How Not to Start a Shaving Flea Market Business

As I scramble around doing my "end of year" inventory this weekend, I just got off the phone with the local farmer's market organizer, encouraging me to yet again make a fool of myself sitting out in the sun on Friday afternoons. I love doing it, because I'm doing good in the world, it's a pretty decent family activity, and I get to talk to other shavers in person. But if I had it do do all over again, I would do a couple things differently.

Don't Register With The State

Very proud of my ambition to elevate the shaving experience in my local market, I got myself a fancy business name, for the princely sum of $50, and registered a "sole proprietorship" to collect (and avoid, where applicable) sales taxes. Two problems with that. For one thing, if your business flops, you're on the books for 5 years. The other problem is that no one gives a crap about classic shaving. Sorry. It's a fact.

Depending on your perspective, it may be well and good for large distributors to charge four to 10 times the cost of something and cast a wide marketing net, which is probably necessary in order for them to make a living. The real-world incidence of suck-- customers is quite low. Plus, you don't want to charge your neighbors that much. You're just trying to get the word out, and save them five or ten dollars shipping. You're trying to change the market.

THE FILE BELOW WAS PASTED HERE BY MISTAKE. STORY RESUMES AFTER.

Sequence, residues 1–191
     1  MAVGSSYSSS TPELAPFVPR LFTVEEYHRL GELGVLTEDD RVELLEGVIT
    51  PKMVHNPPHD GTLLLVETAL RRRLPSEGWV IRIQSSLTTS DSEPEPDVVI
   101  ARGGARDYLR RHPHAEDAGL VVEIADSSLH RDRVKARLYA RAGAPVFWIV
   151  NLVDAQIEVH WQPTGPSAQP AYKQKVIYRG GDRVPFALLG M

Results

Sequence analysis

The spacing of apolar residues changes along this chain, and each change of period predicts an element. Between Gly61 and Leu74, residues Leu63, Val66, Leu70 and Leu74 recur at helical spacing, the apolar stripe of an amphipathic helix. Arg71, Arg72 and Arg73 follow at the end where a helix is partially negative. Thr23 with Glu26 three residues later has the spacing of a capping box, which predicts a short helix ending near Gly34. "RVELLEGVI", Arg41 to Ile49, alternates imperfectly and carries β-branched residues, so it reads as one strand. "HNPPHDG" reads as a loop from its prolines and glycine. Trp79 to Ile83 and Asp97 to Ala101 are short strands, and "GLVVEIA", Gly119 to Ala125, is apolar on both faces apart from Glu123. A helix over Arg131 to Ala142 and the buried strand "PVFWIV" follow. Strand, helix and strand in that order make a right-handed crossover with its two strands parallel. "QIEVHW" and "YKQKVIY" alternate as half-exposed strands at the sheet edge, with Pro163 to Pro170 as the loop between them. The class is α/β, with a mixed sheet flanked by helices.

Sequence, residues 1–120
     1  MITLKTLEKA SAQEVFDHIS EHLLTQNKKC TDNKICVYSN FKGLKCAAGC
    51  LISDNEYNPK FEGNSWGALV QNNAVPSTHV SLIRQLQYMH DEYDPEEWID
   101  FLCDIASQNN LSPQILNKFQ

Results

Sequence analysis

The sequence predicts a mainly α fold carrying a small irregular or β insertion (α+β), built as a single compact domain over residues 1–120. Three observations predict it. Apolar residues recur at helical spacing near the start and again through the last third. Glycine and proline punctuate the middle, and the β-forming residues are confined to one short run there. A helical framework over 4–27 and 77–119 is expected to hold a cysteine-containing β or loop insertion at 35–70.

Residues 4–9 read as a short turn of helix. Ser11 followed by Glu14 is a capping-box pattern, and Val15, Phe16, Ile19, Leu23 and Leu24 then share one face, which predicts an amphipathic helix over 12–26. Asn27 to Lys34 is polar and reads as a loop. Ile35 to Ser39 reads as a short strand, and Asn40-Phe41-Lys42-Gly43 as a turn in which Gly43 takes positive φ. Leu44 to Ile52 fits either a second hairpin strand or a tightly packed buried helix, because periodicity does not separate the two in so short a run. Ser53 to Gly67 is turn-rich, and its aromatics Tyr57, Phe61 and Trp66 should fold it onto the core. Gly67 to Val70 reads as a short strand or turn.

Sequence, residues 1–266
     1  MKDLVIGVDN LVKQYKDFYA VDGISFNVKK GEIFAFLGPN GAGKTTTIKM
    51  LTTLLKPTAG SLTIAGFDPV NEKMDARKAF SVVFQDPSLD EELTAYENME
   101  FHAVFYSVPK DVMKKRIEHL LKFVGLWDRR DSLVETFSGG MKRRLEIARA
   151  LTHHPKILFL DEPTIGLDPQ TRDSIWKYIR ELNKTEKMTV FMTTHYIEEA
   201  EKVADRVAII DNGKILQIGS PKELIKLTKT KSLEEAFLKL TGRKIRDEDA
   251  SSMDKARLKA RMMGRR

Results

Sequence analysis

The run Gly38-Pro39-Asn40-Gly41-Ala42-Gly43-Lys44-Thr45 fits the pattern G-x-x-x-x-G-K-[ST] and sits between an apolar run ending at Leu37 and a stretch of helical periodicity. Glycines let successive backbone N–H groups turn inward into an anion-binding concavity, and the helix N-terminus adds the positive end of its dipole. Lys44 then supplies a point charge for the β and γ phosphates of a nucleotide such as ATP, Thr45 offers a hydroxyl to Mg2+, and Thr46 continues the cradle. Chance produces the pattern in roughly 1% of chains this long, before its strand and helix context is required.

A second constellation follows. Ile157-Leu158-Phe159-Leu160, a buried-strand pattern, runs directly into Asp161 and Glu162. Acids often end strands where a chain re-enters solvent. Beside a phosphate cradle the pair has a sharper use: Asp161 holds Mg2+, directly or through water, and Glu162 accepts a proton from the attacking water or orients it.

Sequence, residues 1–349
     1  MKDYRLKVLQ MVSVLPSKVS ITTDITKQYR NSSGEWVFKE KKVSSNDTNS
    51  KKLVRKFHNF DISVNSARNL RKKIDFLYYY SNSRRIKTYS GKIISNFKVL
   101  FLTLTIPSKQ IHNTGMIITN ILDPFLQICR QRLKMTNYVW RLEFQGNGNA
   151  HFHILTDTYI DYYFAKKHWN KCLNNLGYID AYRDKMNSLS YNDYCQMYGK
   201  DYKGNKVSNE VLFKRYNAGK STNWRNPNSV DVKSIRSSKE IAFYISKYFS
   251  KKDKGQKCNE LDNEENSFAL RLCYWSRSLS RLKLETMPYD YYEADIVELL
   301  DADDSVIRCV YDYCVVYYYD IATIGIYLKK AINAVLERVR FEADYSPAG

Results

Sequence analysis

In tax terms, that's called a "hobby." You are asked to consider whether you have a "realistic expectation" to make a living. Answer: no.

Don't Buy $1000 Of Inventory

You think you're smart, getting a bulk rate on all that shipping, and you're going to pocket the difference. Nope. You're going to sit at a folding table under a canopy or umbrella, while people look at you like you're a bum and awkwardly try to ignore you, as they browse for vegetables or antiques, or do whatever they intend to do.

Occasionally, someone will stop to chat, but buy nothing. One lady will buy soaps for all the men she knows, and the rest will get sun-faded labels and eventually have to be given away. Most people want the razor and a pack of blades, and will use up the can of shaving cream they already possess. Would you buy cologne from some dude on the street? Times are tough all over, and they won't see the value you're offering, just the relative cost and the risk. Rick Harrison did his homework.

Just Have Fun

The market is a stage, and everyone out there is a character. One visitor sold me a couple razors that were corroding under the sink of a family member. I have an arrangement to supply apple pectin to the jelly makers this year, that I wouldn't have had otherwise. Small stake in a community we only moved to recently, but a start.

The flea market experience re-framed how I approach providing beginner information and gave it a tangible form: "The Missing DE Instruction Sheet." Feel free to run off some copies for your stand -- trim it, and it folds to fit in a box most professionally. But I've learned as much as I've taught. Everybody has a story, be it about their prized Rolls Razor, their favorite shave prep... or how cartridges are still tolerable to them.

Take pride in putting (a little bit of) your money where your mouth is, but don't blow your tax refund.

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